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Trump trashes Jersey again, this time with the Census | Editorial

It's nice to see New Jersey's governor stick up for New Jersey for a change, after Chris Christie was such a chump for Trump.

He dutifully let the president order him meatloaf, and order cuts that would have stripped health care from thousands in our state, had a few votes in Congress not stopped him. He sang Donald Trump's praises on national TV. All roles for which we did not elect him.

Since Phil Murphy won in November, Trump has only continued to attack our state, trying to kill plans for a new rail tunnel under the Hudson and screwing us with the tax code. But at least our new governor is speaking up loudly about it.

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NEW JERSEY’S TROUBLING TREND, INCREASE IN BIAS AND HATE CRIMES

COLLEEN O'DEA | APRIL 2, 2018

NJ Spotlight

 

The number of bias and hate crimes in New Jersey rose in 2016, mirroring a national trend that many people – including the state’s attorney general – attribute to the campaign and election of Donald Trump.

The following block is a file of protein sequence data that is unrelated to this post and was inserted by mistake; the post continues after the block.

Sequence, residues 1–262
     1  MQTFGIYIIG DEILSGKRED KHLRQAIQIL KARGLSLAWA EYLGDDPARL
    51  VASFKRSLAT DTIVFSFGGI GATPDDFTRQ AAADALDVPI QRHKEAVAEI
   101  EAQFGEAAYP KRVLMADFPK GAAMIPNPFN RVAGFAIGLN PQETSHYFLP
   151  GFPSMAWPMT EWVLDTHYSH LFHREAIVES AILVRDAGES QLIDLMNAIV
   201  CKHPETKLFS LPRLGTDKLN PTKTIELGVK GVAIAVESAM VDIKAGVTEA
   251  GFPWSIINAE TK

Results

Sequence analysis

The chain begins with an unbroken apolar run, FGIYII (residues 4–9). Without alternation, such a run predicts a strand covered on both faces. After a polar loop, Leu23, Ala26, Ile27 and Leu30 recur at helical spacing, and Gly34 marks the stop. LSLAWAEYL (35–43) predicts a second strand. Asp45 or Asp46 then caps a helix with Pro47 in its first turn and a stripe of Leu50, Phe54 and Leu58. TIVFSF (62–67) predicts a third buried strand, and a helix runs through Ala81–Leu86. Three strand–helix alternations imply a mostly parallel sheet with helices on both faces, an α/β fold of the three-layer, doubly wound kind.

Attorney General Gurbir Grewal discussed the 417 reported hate crimes in New Jersey in 2016, a nearly 14 percent increase over the prior year, during a forum on the topic at Rutgers University last week. The most recent statistics available that track hate crimes are for 2016.

“It’s sad that we see bias incidents trending upward, but it’s not surprising, given that we have political leaders in this country who encourage the expression of intolerance and hatred, or in other cases, ignore or countenance it,” Grewal said. “What we need to do, as individuals and as a society, is to push back against this prejudice. We need to embrace the diversity that makes us stronger as a state and a nation, and we need to spread a countervailing message of tolerance and unity. To quote Nelson Mandela, ‘No one is born hating another person.’ If people can learn to hate, they also can learn to love and respect one another.”

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After a Year of Turmoil, Menendez Announces He Is Seeking Re-Election